One of the answers you get from some of the vendors selling you data center fabrics is “you can use any topology you wish” and then they start to rattle off an impressive list of buzzword-bingo-winning terms like full mesh, hypercube and Clos fabric. While full mesh sounds like a great idea (after all, what could possibly go wrong if every switch can talk directly to any other switch), it’s actually the worst possible architecture (apart from the fully randomized Monkey Design).
Imagine you just bought a bunch (let’s say eight, to keep the math simple) of typical data center switches. Most of them use the same chipset today, so you probably got 48x10GE ports and 4x40GE ports1 that you can split into 16x10GE ports. Using the pretty standard 1:3 oversubscription, you dedicate 48 ports for server connections and 16 ports for intra-fabric connectivity … and you wire them in a full mesh (next diagram), giving you 20 Gbps of bandwidth between any two switches.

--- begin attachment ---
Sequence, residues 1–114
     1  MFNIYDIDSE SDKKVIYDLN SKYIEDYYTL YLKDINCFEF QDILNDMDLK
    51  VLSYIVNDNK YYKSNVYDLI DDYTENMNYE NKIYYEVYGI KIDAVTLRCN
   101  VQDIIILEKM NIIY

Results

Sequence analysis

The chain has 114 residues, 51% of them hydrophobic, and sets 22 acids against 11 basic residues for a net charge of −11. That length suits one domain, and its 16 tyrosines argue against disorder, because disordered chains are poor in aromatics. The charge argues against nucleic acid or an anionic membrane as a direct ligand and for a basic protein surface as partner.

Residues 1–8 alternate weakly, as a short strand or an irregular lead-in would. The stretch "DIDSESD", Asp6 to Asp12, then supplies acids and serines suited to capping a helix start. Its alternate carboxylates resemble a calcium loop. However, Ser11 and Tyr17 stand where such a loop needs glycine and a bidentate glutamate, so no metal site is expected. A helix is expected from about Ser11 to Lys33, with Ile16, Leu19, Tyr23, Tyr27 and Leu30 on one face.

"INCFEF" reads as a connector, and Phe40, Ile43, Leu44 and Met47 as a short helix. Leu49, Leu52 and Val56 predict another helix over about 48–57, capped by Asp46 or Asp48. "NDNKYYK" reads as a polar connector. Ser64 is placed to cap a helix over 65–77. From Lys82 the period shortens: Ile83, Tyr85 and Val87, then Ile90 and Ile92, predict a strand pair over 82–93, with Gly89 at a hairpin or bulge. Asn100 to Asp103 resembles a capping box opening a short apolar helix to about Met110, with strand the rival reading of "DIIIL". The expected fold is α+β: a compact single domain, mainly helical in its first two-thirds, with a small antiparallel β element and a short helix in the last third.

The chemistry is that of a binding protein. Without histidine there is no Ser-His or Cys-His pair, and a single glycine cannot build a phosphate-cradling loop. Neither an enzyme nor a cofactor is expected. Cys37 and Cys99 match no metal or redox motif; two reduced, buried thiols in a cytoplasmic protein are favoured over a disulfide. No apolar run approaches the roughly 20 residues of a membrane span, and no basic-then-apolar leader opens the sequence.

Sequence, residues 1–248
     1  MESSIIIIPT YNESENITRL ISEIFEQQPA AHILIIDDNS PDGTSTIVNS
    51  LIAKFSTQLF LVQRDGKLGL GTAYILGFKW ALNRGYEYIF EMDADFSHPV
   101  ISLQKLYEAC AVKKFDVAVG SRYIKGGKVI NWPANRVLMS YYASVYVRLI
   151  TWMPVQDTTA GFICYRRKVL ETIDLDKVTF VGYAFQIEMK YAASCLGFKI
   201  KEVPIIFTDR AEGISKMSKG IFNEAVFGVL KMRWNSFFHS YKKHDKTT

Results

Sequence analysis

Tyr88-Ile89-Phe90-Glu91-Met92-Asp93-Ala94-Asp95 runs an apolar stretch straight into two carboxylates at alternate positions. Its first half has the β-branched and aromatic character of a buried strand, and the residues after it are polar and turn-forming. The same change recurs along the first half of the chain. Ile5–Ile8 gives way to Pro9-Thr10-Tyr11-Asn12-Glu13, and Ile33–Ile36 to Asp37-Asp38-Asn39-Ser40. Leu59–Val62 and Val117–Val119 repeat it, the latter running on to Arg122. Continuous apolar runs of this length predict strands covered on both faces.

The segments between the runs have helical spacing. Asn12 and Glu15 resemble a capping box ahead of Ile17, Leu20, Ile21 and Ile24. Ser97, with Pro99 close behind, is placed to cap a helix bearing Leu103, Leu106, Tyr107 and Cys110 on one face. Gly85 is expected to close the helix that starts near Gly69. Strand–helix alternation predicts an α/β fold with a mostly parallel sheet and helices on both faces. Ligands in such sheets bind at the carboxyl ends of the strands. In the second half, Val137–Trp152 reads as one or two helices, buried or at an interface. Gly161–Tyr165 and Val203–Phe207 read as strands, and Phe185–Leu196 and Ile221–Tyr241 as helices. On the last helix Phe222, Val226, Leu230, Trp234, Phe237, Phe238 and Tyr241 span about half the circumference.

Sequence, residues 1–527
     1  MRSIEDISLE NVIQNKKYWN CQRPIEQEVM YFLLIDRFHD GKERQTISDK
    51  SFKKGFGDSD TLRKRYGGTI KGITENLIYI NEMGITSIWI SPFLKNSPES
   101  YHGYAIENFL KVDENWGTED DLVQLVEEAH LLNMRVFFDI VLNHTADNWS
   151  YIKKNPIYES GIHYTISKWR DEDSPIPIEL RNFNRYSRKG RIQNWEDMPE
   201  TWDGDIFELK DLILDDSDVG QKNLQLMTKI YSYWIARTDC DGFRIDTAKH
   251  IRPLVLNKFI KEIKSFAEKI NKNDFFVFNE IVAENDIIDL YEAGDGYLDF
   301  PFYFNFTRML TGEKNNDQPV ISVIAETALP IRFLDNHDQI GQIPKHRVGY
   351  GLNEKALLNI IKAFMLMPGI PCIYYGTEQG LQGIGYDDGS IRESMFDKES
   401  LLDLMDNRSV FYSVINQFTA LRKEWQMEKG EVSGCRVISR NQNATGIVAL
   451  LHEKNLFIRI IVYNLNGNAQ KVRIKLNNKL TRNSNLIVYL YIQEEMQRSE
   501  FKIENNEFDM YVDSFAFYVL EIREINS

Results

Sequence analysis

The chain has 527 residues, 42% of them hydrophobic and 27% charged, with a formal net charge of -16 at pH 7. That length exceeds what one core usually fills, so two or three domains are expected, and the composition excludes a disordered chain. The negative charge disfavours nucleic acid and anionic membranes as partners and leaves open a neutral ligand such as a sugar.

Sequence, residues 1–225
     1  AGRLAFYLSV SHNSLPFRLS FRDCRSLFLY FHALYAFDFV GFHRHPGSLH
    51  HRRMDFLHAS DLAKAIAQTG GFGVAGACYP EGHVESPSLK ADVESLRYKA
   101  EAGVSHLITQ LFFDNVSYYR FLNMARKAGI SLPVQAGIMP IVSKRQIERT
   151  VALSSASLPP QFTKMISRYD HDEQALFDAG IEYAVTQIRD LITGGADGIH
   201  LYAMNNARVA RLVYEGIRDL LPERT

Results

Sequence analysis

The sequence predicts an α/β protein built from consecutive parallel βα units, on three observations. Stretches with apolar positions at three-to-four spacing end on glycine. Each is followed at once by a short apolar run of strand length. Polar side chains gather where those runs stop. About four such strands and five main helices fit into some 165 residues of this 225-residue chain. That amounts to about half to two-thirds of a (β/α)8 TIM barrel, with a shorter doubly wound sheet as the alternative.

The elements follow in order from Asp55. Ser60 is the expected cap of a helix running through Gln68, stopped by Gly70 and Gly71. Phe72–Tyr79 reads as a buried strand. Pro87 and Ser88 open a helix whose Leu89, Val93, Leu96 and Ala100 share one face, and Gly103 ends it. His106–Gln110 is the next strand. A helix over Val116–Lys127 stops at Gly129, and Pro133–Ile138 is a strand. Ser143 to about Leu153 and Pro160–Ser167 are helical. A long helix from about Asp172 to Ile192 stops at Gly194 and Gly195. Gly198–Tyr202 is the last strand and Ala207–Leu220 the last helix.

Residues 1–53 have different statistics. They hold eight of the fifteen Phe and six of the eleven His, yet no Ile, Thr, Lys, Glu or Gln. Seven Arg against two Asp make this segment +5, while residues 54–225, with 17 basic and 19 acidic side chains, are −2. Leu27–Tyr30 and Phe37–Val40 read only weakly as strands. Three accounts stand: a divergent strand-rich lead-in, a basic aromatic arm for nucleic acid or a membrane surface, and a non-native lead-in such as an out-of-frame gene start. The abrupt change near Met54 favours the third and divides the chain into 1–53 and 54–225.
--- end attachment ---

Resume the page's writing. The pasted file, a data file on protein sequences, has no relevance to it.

Guess what … unless you have a perfectly symmetrical traffic pattern, you’ve just wasted most of the intra-fabric bandwidth. For example, if you’re doing a lot of vMotion between servers attached to switches A and B, the maximum throughput you can get is 20 Gbps (even though you have 160 Gbps of uplink bandwidth on every single switch).
Now let’s burn a bit more budget: buy two more switches with 40GE ports, and wire all ten of them in a Clos fabric. You’ll get 80 Gbps of uplink bandwidth from each edge switch to each core switch.
Have we gained anything (apart from some goodwill from our friendly vendor/system integrator)?
Actually we did – using the Clos fabric you get a maximum of 160 Gbps between any pair of edge switches. Obviously the maximum amount of traffic any edge switch can send into the fabric or receive from it is still limited to 160 Gbps2, but we’re no longer limiting our ability to use all available bandwidth.
Now shake the whole thing a bit, let the edge switches “fall to the floor” and you have the traditional 2-tier data center network design. Maybe we weren’t so stupid after all …
- Mentioned 25GE/100GE ports and cleaned up the wording.